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One particularly funny thing about the 1988 film Satisfaction (aka Girls of Summer), aside from the astronomically generic and predictable screenplay, is that it ended a few careers at the same time it jump-started a few others.
Perhaps "best" remembered as the debut of Ms. Julia Roberts and an early embarrassment for Mr. Liam Neeson, this "rockin' girls" flick also served to end a few careers. Director Joan Freeman? Debuted in 1985 with Streetwalkin' before moving on to this project; she's never work again. Screenwriter Charles Purpura? Wrote the parochial school comedy Heaven Help Us, and then Satisfaction ... and then precisely nothing else. Ever.
But don't get the impression is really all that bad. Sure, it's an entirely paint-by-numbers and plodding affair, full of terrible music and almost painfully pedantic plot threads, but it's just too darn lazy to be any sort of "biblically bad" experience. I suspect that lots of ladies in my age range actually hold Satisfaction in relatively high regard ... if only in a "guilty pleasure" sort of way. Frankly I can't imagine anyone actually calling this a "good" movie -- not even in a "so bad it's good" sort of way.
Plot? An amateur band, four gals and a guy, shoot for rock stardom during one blandly eventful summer. I assume you could sum up the flick's plot without even bothering to see it.
Anyway, the lead gal here is Justine Bateman, and her rock-star movie came just one calendar year after the debut of her Family Ties co-star's own rock-star movie. (For the record, Michael J. Fox's Light of Day is only slightly less ridiculous than Ms. Bateman's Satisfaction.) And since we are talking about a late-80s flick that's heavy on the music -- you can expect lots of hilariously bad clothes, outdated slang, and consistently unimpressive covers of classic rock tunes. Basically, if Satisfaction were some kind of food, it'd be 1.5 slices of bread. Mildly stale.
Still, it's kind of amusing to see a movie in which Julia Roberts and Liam Neeson play second banana to ... Justine Bateman, and there are a few dorkily diverting performances from the likes of Trini Alvarado (as the "bad girl"), Scott Coffey (as a nerdly piano player), and Debbie Harry (as ... a woman). Plus there's a cute Doberman doggie running around, too.
But those small assets don't add up to very much; if you're old enough to remember seeing Satisfaction during its original theatrical run, and you recall giggling away with your girlfriends, you should feel free to give the new DVD a spin. Those who've not yet experienced the soft-rockin' splendor of Satisfaction -- needn't actually bother. Unless you're a huge Julia Roberts fan and you need to see what she starred in before Mystic Pizza.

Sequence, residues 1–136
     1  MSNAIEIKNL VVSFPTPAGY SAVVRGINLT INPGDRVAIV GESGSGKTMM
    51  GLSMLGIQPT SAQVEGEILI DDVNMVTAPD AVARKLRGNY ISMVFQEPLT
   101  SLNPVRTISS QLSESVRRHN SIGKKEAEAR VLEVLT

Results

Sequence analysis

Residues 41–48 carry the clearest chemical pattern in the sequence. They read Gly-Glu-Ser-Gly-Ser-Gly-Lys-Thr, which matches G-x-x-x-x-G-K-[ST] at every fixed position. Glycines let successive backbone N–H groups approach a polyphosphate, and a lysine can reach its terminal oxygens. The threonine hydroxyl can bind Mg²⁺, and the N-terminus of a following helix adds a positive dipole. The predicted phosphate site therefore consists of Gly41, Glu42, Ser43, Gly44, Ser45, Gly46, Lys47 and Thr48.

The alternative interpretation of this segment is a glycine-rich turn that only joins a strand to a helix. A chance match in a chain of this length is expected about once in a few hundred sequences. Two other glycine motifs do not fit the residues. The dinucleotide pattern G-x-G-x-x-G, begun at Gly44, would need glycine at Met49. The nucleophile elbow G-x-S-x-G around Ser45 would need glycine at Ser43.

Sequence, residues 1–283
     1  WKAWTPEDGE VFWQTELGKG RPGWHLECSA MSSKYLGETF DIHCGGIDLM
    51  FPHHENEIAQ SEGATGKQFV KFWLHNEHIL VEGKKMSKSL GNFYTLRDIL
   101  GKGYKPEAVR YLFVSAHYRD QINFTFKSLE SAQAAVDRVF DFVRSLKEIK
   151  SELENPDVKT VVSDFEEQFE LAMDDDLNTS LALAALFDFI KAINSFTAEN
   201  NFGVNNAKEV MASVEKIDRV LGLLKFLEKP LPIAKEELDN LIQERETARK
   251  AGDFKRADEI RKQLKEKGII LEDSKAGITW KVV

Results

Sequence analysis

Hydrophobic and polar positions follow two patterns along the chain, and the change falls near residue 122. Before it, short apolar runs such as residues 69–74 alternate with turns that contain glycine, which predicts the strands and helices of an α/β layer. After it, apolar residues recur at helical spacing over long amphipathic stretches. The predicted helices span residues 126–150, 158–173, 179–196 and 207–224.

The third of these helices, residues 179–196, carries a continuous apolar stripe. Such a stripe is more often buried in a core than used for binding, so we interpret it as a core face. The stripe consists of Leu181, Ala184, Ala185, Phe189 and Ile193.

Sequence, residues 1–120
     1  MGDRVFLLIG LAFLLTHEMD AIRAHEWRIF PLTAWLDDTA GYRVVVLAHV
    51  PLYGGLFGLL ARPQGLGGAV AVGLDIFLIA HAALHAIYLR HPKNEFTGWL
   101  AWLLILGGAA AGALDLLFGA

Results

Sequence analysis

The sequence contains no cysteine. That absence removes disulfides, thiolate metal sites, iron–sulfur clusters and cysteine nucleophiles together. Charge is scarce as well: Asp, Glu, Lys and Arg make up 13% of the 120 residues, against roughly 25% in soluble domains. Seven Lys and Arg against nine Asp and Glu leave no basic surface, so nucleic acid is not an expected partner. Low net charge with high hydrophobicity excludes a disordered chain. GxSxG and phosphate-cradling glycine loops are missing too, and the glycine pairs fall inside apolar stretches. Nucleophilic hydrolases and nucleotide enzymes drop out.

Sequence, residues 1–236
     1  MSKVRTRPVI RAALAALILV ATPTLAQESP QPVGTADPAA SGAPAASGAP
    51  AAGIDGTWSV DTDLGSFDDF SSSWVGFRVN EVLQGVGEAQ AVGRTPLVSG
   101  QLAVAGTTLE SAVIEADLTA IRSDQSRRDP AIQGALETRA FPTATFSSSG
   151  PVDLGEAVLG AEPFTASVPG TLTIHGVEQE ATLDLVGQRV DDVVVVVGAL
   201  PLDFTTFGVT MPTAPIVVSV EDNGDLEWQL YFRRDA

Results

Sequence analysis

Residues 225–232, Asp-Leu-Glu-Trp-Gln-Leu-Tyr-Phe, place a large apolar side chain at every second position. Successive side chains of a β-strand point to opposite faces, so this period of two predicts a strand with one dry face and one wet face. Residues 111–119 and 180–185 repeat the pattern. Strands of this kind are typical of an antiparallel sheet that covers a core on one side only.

Oh, and let's not forget; Satisfaction was produced by Aaron Spelling. If you've no idea what that means, then go rent the flick and find out. No lie, folks. If you don't lose it with the scene involving a stoned dog on the beach, just wait a few minutes. Justine keeps on singing throughout this freakishly banal flick, and each time it just gets funnier.
Video: Full Frame on side 1, Widescreen (1.85:1) Anamorphic on side 2. The latter actually delivers a fairly decent transfer, which I wasn't exactly expecting from a Fox flipper disc of freakin' Satisfaction. It's a little grainy and gauzy, but not half-bad altogether.
Audio: Dolby Digital 2.0, in your choice of English, Spanish, or French. The English track is pretty solid, with balanced levels between dialogue and the lame-o rock covers. Optional subtitles are available in English, Spanish, and French.
Extras: You'll get the original theatrical trailer and, as if it's not played THREE times in the movie, the "Satisfaction music video." I can only imagine how hard Mick Jagger must laugh when he sees this thing.
No wonder these gal can't get any satisfaction; their combined musical "talents" make Brittney Spears look like Aretha Franklin, their clothes are freaking ridiculous, and they're stuck in a movie that looks precisely like a "girls on vacation" episode of Beverly Hills 90210, or worse yet, a pre-teen version of Coyote Ugly.